Hungarian writer Maria Popova said:
“If we are so busy being successful that we don’t have time to be happy, then we need to seriously reconsider our definition of success.”
Earlier on in my career, when I was speedily rising up the ladder with the promise of status and pound signs in my eyes, I told myself that working seventy-hour weeks and neglecting every other area of my life was the price of success.
And this worked…. for a few years. I went through life in this numb, life-less state. Until I woke up and realised that if this were success, it would surely feel alive, not dead.
Of course, finding time for anything work related has been really tough. It’s just the way it is right now. I’m paying my dues.
Sacrifices have to be made, including some things that I enjoy…. but that doesn’t mean I’m sacrificing my happiness.
I love my work (for the most part) so actually work is enjoyment.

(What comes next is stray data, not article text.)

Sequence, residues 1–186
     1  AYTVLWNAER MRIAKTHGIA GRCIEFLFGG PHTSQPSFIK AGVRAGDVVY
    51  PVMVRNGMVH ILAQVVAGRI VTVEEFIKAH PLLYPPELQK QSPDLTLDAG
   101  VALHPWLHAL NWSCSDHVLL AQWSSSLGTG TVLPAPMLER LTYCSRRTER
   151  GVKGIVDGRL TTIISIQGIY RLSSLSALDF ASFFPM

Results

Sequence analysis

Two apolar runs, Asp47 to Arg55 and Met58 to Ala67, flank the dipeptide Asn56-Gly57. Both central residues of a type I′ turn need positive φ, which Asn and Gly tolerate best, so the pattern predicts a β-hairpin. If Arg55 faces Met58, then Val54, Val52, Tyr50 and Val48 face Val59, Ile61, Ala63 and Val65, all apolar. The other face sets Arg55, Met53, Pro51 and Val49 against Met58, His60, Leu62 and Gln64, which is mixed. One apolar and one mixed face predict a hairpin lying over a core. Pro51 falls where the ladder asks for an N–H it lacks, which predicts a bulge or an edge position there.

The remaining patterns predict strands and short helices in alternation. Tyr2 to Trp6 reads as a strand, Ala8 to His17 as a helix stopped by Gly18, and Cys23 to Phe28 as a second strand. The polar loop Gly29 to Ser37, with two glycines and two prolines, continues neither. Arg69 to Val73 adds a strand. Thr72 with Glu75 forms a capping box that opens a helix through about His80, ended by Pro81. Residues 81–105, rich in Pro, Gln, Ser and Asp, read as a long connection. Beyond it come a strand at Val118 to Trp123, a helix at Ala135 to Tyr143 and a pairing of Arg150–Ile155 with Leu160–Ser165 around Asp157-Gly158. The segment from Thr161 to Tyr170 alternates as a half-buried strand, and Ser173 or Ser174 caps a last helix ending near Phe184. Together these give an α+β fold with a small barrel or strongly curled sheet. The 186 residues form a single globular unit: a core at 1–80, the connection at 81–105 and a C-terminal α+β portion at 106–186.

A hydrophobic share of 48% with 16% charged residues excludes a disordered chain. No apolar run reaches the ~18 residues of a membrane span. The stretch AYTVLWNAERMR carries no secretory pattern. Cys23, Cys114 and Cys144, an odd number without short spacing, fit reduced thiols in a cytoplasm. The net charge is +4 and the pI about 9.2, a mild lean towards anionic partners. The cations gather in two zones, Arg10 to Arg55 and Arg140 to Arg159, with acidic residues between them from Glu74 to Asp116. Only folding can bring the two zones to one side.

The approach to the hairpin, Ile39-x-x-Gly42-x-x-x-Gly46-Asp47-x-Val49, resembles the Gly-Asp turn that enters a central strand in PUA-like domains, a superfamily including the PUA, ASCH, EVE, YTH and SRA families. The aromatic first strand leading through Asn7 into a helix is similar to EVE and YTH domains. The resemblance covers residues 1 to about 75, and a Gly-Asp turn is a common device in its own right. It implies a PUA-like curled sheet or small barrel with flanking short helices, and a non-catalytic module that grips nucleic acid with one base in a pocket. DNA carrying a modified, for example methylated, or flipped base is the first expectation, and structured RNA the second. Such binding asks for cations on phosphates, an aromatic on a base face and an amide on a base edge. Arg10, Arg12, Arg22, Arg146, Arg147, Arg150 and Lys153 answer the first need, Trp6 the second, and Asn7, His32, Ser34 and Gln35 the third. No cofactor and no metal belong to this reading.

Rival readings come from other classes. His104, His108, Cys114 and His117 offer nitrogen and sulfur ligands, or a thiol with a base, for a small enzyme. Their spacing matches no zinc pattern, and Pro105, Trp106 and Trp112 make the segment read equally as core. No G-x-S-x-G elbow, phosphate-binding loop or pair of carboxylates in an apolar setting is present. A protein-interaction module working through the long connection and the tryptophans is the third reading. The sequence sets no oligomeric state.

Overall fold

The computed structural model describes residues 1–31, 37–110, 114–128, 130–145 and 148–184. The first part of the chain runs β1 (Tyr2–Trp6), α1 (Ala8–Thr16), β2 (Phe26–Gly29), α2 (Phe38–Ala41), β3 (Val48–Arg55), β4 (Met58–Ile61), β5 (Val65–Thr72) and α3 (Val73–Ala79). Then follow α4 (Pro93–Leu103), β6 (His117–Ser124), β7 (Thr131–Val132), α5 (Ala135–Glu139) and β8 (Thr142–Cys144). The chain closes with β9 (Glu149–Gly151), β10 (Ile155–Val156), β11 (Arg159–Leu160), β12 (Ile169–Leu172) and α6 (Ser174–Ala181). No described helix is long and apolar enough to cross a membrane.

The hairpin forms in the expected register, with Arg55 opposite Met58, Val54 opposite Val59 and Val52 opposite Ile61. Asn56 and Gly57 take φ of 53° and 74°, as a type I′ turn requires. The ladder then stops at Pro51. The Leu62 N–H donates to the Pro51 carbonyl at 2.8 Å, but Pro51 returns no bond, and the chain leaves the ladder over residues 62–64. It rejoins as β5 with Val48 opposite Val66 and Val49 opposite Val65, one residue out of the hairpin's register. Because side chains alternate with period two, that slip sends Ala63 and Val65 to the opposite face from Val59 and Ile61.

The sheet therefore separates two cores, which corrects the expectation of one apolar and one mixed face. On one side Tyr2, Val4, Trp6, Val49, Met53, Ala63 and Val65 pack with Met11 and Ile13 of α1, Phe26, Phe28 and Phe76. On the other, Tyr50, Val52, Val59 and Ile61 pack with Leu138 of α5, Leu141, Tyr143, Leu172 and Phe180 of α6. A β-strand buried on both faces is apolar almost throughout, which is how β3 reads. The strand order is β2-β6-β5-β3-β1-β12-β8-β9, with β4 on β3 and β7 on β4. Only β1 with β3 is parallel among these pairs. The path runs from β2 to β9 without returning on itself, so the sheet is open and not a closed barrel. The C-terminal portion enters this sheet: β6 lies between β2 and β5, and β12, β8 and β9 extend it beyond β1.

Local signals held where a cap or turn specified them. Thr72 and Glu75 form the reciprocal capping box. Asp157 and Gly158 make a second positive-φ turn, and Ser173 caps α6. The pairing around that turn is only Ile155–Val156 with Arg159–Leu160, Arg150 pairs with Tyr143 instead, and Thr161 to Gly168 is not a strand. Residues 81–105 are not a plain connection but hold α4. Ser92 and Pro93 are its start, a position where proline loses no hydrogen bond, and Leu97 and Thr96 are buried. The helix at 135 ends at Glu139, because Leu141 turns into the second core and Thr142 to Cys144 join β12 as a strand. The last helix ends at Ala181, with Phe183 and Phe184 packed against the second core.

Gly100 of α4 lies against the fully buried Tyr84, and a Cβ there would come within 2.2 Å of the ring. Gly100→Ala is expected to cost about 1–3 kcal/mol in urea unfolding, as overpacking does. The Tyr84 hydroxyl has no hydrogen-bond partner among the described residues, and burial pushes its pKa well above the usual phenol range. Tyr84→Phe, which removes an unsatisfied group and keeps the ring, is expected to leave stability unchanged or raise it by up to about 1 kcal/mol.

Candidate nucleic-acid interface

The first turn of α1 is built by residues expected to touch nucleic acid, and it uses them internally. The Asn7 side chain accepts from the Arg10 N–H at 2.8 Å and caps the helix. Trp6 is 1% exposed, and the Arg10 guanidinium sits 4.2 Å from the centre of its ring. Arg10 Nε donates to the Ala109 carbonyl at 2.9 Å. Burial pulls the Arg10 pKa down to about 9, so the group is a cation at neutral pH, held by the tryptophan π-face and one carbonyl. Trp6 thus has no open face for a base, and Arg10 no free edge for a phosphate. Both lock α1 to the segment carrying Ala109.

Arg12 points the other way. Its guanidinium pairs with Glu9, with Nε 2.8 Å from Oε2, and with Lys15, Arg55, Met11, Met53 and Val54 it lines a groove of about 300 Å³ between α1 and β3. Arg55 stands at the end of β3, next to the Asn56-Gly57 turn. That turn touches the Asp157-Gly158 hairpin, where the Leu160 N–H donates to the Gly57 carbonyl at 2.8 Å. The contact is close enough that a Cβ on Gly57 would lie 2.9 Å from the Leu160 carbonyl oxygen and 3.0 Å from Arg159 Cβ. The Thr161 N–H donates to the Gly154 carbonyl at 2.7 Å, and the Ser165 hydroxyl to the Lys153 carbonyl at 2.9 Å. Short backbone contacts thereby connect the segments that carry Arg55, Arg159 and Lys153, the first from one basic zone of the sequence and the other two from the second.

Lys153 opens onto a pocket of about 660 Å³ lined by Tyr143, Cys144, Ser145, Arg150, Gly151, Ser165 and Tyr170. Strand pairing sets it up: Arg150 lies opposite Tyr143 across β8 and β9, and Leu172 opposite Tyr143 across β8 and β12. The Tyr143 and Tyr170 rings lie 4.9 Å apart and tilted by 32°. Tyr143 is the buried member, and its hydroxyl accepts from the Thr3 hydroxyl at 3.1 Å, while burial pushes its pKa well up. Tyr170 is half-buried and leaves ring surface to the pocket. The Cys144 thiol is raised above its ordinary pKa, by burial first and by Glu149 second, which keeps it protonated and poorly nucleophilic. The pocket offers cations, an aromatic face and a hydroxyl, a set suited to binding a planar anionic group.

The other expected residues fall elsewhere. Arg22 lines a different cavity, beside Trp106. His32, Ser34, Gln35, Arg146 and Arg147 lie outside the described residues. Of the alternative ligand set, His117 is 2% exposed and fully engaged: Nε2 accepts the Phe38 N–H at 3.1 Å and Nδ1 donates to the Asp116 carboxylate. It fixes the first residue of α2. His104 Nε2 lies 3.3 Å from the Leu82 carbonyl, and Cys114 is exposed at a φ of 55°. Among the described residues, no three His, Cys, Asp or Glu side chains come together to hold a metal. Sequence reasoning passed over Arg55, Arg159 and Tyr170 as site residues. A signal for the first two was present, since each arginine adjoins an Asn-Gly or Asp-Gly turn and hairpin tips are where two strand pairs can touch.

I practice gratitude and mindfulness which helps me to be aware and thankful of all the goodness around me, even on the harder days. Although I’m a very goal-driven person, taking time to just accept things as they are, without reaching for anything else, is very therapeutic for the brain.
I’m very aware of my own triggers, both positive and negative. So I do make the time for things like Jiu Jitsu – my exercise, stress-release, and time with friends – with the knowledge that if I drop this and acts of self-care like it, it won’t be good for me or business.
Back when I was working endlessly for someone else, I used to kid myself about things getting better. There was always a reason why it wouldn’t be so hard next year; some date in the future when I’d get to be happy.
All complete bullshit. It never got better – in fact, it got worse.